If you’re trying to avoid airborne viruses, heading to a near vacuum might not be the worst idea.
A Florida company is planning to fly passengers to the edge of space in a high-tech version of a hot air balloon, with a pilot and up to eight travelers riding in a pressurized capsule suspended from an enormous blimp.
Human space flight company Space Perspective has scheduled the test flight of its Spaceship Neptune for early 2021, from the auspicious surroundings of the Shuttle Landing Facility at NASA’s Kennedy Space Center at Cape Canaveral.
That test flight will be uncrewed and carrying research payloads, but Space Perspective hopes that in a few years it’ll also be taking space tourists on six-hour sightseeing jaunts, with a refreshment bar and social media capabilities to hand.
“We’re committed to fundamentally changing the way people have access to space — both to perform much-needed research to benefit life on Earth and to affect how we view and connect with our planet,” said Space Perspective founder and co-CEO Jane Poynter in a release.
As well as Kennedy Space Center, Space Perspective intends to launch from Florida’s Cecil Spaceport and is planning additional launch sites around the world, including at Kodiak in Alaska. It’s already possible to reserve seats on Space Perspective’s website and Anchorage Daily News reports that passengers can expect to pay around $125,000 for a ticket.
The six-hour trips will involve a two-hour gentle ascent above 99% of the Earth’s atmosphere to 100,000 feet — an experience, Space Perspective says, only enjoyed so far by 20 people in human history.
There’ll be another leisurely two hours for passengers to enjoy the 360-degree views from the cabin before the spaceship makes its two-hour descent to the ocean, where it will splash down safely. Voyage to shore will be completed by ship.
The spaceship was designed in collaboration with UK design studio PriestmanGoode, which is also working on a passenger module concept for Elon Musk’s Hyperloop transport system.
“We looked at all the different elements that would make the experience not just memorable, but truly comfortable as well,” Nigel Goode, designer and co-founder of PriestmanGoode said in a release. “We wanted to make sure that passengers would be able to get 360-degree unobstructed views and that we created an efficient space that would enable them to move around during the journey.”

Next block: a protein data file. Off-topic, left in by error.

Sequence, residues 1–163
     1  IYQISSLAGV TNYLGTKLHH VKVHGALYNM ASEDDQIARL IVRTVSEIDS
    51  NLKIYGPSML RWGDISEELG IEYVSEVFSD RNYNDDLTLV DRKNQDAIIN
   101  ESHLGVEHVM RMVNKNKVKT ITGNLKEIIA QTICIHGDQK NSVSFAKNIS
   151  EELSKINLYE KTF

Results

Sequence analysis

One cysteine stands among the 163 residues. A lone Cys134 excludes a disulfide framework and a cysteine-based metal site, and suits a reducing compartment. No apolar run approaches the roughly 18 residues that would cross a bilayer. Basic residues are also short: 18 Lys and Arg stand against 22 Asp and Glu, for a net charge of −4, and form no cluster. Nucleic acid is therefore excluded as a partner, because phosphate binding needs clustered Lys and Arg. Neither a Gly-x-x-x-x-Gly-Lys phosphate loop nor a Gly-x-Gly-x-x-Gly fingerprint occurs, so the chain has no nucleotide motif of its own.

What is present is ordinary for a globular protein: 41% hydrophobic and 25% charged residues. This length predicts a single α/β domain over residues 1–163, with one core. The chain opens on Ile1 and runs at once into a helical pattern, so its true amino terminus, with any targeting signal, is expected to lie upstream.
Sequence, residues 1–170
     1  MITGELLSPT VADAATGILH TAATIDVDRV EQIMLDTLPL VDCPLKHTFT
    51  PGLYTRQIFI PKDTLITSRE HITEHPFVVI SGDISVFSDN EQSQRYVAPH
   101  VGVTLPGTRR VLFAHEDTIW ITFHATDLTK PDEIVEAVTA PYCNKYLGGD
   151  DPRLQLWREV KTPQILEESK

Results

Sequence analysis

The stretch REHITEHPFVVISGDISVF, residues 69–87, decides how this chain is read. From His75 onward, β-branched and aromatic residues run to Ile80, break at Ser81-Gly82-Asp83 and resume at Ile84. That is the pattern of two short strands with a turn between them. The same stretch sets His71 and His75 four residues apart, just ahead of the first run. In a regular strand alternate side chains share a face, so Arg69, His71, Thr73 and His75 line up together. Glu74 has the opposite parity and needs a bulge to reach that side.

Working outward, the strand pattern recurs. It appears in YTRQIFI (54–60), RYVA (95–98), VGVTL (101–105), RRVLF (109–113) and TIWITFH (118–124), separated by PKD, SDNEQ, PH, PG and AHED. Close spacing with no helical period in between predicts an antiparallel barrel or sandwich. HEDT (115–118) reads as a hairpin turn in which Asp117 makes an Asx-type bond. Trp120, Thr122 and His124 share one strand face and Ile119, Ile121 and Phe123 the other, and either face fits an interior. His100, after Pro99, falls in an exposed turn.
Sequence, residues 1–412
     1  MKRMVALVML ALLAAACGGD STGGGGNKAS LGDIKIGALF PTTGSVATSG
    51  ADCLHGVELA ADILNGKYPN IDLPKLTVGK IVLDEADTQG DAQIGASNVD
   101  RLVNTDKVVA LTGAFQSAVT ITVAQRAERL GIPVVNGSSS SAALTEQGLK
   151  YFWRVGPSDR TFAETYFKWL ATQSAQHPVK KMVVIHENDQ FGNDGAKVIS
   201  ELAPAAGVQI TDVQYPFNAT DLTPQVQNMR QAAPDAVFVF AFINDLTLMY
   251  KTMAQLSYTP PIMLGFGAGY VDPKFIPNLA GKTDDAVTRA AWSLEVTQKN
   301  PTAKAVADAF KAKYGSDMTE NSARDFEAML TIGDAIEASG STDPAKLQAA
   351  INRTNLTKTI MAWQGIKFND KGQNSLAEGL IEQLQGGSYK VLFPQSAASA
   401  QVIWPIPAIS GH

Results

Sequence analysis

Space Perspective claims that the process will be simple as boarding an airplane and that the capsule’s pressurized capsule offers what it describes as a “shirt-sleeves environment” (although with its plans to host weddings and other events, it could also be black-tie).
The lavatory, it claims, is “the loo with the best view in the known universe,” and is located in the center of the capsule in the splashdown cone.
Space Perspective’s co-founders Jane Poynter and Taber MacCallum previously designed the air, food and water systems for the Biosphere 2 space base, in which they lived for two years.
“Our advanced space-balloon is designed to operate in the near vacuum found at the edge of space,” says Space Perspective’s website. “NASA has used similar balloons for decades for flying large research telescopes.”
As helium is in limited supply and needed for critical medical applications, Spaceship Neptune uses hydrogen. “The lift gas inside the balloon is lighter than air and allows Neptune to float on top of the Earth’s atmosphere like an ice cube on water,” Says Space Perspective.
Deadlines for space tourism projects have a tendency to slip years past their original targets, but optimism about demand for private space travel remains high. The stocks of Richard Branson’s company Virgin Galactic have almost doubled since March, despite it posting a net loss of $60 million for the first three months of the year.
Virgin Galactic announced in June that it had signed a deal with NASA to train private astronauts and coordinate potential trips to the International Space Station.
And at the end of May, Elon Musk’s SpaceX became the first-ever company to send humans into orbit aboard a privately-owned spacecraft.
Amazon CEO Jeff Bezos also has a rocket company called Blue Origin with ambitions to get tourists into space. In April, it was announced that it’s receiving a $579 million injection from NASA to develop a lunar lander, which could carry astronauts to the moon in 2024.
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